0
$\begingroup$

I am working with the IGRF (International Geomagnetic Reference Field) model and from a journal article found here, I am able to compute the earth's magnetic field at any point in spherical coordinates $(r, \theta, \phi)$, which can be trivially converted to Cartesian coordinates. The result from this conversion has the $z$-axis going from the center of the earth through magnetic north.

I am interested in a satellite for which I have a TLE (two-line element), which tells me where the satellite is in space (I have satellite propagation software to tell me where the satellite is at a given moment in time). I want to know the magnetic field at the satellite location. The problem is that the satellite is given in a Cartesian space where the $z$-axis goes from the center of the earth through true north, which is different from magnetic north.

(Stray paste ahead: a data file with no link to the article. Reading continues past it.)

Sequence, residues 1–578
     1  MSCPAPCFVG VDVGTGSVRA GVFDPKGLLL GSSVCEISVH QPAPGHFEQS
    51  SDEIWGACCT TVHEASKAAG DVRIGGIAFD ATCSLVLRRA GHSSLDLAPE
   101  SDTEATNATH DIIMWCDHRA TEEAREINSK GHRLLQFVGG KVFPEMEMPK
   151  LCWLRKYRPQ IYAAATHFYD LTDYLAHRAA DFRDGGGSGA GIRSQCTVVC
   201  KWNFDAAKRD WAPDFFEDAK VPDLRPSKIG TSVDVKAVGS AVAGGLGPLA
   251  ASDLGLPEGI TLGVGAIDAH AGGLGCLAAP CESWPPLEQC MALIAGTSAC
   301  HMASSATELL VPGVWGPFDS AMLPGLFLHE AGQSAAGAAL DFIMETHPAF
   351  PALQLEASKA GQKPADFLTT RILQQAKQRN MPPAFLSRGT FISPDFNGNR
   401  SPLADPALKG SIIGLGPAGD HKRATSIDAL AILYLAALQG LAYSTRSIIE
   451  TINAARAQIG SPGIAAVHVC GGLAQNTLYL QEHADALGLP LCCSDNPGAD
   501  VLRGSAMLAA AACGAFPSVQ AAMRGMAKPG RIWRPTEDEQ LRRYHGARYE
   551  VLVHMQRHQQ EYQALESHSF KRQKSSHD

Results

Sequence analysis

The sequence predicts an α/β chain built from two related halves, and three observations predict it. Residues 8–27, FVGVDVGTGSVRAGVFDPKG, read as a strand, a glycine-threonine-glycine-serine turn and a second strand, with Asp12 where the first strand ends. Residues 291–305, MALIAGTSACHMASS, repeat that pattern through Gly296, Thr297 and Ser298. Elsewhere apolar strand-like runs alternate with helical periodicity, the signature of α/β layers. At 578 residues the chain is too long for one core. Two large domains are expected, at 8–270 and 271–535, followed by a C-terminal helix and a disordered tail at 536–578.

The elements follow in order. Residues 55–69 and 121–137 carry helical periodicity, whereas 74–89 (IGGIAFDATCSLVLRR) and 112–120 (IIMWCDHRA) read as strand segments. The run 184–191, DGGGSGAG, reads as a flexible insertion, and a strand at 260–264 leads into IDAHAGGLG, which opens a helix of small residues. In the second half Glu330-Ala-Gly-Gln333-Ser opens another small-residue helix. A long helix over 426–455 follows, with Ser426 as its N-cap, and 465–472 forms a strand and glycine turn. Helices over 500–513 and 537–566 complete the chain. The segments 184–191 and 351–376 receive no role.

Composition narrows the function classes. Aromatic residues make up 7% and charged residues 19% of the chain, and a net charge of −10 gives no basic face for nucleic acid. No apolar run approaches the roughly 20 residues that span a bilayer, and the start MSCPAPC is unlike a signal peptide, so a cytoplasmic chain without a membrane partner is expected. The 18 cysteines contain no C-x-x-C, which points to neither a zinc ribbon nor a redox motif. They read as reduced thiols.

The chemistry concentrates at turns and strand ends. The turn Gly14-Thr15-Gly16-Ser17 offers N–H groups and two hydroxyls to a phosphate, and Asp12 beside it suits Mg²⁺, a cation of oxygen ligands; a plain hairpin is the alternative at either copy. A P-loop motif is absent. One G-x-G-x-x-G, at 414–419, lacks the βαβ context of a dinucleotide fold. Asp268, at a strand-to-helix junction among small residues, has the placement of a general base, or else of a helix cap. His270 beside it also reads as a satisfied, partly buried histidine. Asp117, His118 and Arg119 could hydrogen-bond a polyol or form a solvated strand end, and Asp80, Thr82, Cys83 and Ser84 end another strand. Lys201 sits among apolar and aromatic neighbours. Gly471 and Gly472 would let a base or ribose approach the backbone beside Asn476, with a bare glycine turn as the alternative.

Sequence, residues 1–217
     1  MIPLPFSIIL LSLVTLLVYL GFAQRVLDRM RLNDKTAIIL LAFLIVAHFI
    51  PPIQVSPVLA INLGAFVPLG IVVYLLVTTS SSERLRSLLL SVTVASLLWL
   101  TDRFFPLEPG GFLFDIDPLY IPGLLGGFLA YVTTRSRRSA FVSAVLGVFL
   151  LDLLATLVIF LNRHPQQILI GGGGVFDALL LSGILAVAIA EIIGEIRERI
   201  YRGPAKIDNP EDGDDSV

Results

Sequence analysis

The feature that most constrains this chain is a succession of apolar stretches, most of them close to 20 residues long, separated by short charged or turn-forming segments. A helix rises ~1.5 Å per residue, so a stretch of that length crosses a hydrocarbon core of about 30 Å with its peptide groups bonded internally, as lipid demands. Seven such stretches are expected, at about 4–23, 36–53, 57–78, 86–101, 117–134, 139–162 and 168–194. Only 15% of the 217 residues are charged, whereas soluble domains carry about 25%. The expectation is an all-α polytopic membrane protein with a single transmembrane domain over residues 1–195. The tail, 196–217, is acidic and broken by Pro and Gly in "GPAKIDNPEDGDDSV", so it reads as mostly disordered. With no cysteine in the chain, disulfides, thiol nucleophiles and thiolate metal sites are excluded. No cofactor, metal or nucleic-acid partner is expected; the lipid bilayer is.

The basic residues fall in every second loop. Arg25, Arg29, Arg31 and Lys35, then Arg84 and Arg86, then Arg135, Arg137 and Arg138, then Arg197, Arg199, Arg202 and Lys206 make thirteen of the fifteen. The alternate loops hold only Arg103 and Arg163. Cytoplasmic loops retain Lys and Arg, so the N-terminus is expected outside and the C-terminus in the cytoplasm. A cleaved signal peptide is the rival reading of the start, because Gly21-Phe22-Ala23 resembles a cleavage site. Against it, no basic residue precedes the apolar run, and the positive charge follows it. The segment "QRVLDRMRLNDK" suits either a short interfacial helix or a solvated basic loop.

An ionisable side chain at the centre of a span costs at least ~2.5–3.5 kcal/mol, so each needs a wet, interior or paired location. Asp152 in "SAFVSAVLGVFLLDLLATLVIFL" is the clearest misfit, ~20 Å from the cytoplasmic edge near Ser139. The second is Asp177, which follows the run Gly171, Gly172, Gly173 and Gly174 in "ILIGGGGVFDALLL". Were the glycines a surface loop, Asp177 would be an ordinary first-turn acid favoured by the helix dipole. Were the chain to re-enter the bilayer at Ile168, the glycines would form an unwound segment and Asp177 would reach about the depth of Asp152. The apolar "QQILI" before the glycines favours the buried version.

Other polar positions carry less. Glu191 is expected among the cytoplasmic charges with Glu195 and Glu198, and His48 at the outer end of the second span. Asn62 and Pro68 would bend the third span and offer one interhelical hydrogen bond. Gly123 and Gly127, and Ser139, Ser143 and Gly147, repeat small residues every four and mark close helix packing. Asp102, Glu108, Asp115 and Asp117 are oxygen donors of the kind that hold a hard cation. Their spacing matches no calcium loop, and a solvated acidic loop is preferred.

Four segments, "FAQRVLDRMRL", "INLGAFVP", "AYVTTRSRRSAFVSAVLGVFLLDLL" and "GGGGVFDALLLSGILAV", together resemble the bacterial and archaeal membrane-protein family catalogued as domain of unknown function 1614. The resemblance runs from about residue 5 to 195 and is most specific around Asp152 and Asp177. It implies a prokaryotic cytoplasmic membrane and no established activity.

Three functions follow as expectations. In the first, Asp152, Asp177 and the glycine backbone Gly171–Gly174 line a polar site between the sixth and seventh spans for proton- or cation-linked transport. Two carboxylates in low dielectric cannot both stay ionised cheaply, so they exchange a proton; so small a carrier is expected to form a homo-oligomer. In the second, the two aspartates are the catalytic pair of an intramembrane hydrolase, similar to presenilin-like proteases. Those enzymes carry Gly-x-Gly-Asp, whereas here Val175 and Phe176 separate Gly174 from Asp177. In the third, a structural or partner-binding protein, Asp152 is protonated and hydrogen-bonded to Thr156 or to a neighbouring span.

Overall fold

How do I convert the satellite Cartesian coordinate system to the magnetic field Cartesian coordinate system? My thinking is I can take the satellite position, rotate to "magnetic coordinates", convert to spherical, and compute the magnetic field using the IGRF model, but I don't know how to do the coordinate rotation.

$\endgroup$
2
  • 1
    $\begingroup$ You could convert the satellite's cartesian coordinates to spherical coordinates, then just add the lat/lon of the magnetic North pole. $\endgroup$ Feb 15 at 3:22
  • $\begingroup$ I'm not saying this is wrong (in fact, I hope it's right), but it seems too simple. Is there a reference that shows this works, or some way for me to verify it? Something in spherical geometry? I ask for the extra step because I need to get this right. $\endgroup$
    – mwoods
    Feb 16 at 1:18

0

You must log in to answer this question.

Browse other questions tagged .